Understanding of Corrosion Phenomena: Process, Mechanism, and MethodView this Special Issue
Editorial | Open Access
Understanding of Corrosion Phenomena: Process, Mechanism, and Method
Corrosion phenomena of materials are very complicated in order that corrosion reactions and/or processes depend largely upon the material/environment systems. The damage of the materials caused by the corrosion phenomena has led to the loss in energy and resources, the instability of human life, the decline in the reliability of the infrastructure, and so on. To overcome them, recent advances in the understanding of corrosion phenomena and the mechanisms have been introduced for new aspects and perspective to study the roles of anion species and films formed in corrosion behavior, the factors influencing SCC (stress corrosion cracking) susceptibility, hydrogen permeation behavior associated with hydrogen embrittlement, and so on. These have led to the development of a higher corrosion resistant material, a more suitable inhibitor and corrosion prevention method, and to the reasonable judgment of the material selection in a given corrosive environment. Therefore, this special issue was focused on recent developments in stress corrosion cracking, advances in corrosion resistant materials, role of atomic hydrogen in hydrogen embrittlement, the stability and strength of the films formed, new aspects of localized corrosion (pitting corrosion and crevice corrosion), recent developments in inhibitors, new methods for elucidating corrosion behavior, and so on.
Several papers described the corrosion protection, atomic modeling of corrosion phenomena, the corrosion products exposed with the long-range term at the atmospheric environment and the corrosion behavior of advance material (Ni-based intermetallic compound). T. Ohtsuka reviewed the corrosion protection of steels by the coating of the conducting polymers which are polyaniline, polypyrrole, and polythiophene. He described that they work as a strong oxidant, inducing the potential shift to the noble direction. C. D. Taylor reviewed and considered the atomistic modeling of corrosion events such as the metal-water interface, the reaction of water, competitive adsorption, the structure of a metallic surface, and so on. F. Q-Li et al. investigated many bronze wares of Qin Dynasty excavated from tombs at Xinfeng town using SEM/EDS, XRD and RM and obtained valuable information on the conservation of the bronze wares. S. O. Adeosun et al. investigated the corrosion behavior of as-cast and retrogressed-reaged Al-Mg alloys in solutions of NaCl, FeCl3, and so on. They pointed out that Mg2Si crystals being anodic relative to the matrix affected the corrosion behavior. The corrosion behavior of Ni3Al/Ni3V two-phase intermetallic compounds was investigated in various acidic solutions by using the immersion test and SEM by G. Priyotomo et al. They found that the preferential dissolution of (L12 + D022) phase took place and the corrosion behavior depended largely upon anion species.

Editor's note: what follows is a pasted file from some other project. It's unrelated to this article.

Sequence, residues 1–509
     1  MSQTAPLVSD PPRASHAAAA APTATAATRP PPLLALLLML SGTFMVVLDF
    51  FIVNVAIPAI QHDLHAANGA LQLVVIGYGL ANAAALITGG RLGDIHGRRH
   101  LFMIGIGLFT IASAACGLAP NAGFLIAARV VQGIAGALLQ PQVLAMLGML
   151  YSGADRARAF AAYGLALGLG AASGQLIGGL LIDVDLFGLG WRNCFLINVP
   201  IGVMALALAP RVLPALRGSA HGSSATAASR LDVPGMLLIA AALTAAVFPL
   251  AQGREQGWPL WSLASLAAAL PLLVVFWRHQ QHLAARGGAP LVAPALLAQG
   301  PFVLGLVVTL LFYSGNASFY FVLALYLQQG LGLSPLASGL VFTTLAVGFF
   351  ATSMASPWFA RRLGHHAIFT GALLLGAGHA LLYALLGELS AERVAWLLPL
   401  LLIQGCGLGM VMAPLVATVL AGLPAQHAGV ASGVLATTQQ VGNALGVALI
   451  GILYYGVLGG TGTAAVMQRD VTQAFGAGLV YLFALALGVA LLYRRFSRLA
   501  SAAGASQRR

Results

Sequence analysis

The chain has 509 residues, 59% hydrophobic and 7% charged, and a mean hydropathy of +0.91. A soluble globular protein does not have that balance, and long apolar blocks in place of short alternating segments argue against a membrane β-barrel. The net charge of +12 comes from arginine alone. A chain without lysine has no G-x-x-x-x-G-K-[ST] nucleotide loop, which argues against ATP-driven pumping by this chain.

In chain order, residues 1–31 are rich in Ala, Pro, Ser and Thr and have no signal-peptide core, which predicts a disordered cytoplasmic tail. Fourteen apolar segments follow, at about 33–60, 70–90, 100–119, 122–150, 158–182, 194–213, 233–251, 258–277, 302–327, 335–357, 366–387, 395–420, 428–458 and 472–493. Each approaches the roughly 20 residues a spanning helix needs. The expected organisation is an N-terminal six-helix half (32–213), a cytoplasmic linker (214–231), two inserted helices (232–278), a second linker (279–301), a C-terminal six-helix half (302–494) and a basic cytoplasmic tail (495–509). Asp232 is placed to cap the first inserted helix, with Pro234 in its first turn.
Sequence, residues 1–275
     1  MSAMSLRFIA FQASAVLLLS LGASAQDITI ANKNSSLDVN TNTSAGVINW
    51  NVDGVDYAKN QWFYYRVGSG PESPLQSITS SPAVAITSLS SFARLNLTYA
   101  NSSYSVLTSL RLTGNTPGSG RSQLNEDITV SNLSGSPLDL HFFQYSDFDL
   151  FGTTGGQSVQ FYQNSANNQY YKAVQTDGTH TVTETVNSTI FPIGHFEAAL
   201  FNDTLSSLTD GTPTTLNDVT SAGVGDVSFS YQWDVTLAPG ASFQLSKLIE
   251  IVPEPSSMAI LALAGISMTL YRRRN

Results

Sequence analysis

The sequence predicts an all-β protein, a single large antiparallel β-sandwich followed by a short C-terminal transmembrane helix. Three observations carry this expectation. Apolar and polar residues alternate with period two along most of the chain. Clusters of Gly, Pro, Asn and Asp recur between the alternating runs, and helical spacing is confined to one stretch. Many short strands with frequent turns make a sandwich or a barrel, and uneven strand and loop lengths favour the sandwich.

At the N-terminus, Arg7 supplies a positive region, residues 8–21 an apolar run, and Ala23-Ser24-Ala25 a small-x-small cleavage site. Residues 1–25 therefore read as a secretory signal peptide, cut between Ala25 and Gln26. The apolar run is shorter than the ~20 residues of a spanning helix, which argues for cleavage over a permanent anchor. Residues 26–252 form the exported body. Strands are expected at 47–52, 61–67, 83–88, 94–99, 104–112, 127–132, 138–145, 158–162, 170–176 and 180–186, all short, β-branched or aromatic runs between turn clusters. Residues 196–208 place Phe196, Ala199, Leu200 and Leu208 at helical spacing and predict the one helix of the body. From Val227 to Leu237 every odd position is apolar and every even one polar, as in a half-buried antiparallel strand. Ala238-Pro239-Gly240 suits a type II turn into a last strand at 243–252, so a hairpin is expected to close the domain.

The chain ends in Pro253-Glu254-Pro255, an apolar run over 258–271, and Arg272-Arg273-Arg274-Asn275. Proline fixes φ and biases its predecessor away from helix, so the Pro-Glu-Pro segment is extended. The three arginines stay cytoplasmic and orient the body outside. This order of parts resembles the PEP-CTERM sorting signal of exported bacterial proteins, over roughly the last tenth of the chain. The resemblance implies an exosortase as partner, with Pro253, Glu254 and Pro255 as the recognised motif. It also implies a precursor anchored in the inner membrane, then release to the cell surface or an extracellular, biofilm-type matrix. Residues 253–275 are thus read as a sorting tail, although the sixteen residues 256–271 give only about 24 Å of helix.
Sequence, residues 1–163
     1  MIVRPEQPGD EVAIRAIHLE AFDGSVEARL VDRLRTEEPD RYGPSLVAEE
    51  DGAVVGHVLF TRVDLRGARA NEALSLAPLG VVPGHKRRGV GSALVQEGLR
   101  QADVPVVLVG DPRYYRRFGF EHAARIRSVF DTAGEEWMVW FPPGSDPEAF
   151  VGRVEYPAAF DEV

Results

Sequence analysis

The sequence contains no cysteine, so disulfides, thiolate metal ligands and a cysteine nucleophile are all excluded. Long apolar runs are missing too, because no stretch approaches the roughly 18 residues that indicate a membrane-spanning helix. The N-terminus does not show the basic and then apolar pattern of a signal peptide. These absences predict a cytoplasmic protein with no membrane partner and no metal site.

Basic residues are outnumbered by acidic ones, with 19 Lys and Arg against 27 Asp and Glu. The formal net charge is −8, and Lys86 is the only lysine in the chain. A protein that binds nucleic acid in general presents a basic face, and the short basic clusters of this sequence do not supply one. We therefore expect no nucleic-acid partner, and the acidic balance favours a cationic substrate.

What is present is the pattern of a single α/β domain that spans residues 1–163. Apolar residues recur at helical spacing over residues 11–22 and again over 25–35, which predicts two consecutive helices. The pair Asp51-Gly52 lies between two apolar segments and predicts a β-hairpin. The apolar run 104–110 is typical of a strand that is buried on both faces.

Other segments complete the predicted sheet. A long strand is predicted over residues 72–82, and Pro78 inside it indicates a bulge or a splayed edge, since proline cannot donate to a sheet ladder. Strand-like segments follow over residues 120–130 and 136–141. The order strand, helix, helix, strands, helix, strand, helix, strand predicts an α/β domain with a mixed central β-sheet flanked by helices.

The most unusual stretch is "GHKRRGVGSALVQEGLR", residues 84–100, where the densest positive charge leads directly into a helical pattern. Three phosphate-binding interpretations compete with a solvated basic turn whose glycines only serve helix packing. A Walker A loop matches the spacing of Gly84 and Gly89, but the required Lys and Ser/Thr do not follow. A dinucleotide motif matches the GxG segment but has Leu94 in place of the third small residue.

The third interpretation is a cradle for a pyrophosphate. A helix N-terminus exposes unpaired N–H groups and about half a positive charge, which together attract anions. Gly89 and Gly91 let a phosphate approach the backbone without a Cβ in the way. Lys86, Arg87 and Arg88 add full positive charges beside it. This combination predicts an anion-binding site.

The other papers described the localized corrosion behavior such as the intergranular corrosion, pitting corrosion and SCC M. E. Arikan et al. determined the susceptibility to intergranular corrosion of UNS 31803-type duplex stainless steel, which was aged at various times with 725°C, using electrochemical reactivation method and weight loss test. They found that the degree of sensitization was related to chromium- and molybdenum-depleted areas. N. Hara et al. studied the pitting corrosion resistance of 316 L-type stainless steel. They concluded that the enhancement in pitting corrosion resistance was due to the beneficial effect of removing MnS inclusions from the steel surface rather than the modification effect of the chemical composition of passive films. The SCC of A516 pressure vessel steel was investigated by slow strain rate tests in H2O-CO-CO2 solutions by J. W. van der Merwe. It was found that CO component played an important role in initiation of SCC, that is, the inhibition of corrosion reaction. H. Nakano et al. investigated the SCC property of Al-Mg alloy processed by equal-channel angular pressing (ECAP) by a slow strain technique in 3% NaCl of pH 4 at 303 K. They found that the decrease in the SCC susceptibility was attributed to an improvement in corrosion resistance afforded by ECAP. O. M. Alyousif et al. investigated the effect of applied stress on environment induced cracking (EIC) of Al alloy (5052) in 0.5 M NaCl solution using a constant load method. They concluded that the steady state elongation rate became a parameter for predicting time to failure and the EIC was induced by SCC, not by HE (hydrogen embrittlement).
Copyright © 2012 Rokuro Nishimura et al. This is an open access article distributed under the Creative Commons Attribution License, which permits unrestricted use, distribution, and reproduction in any medium, provided the original work is properly cited.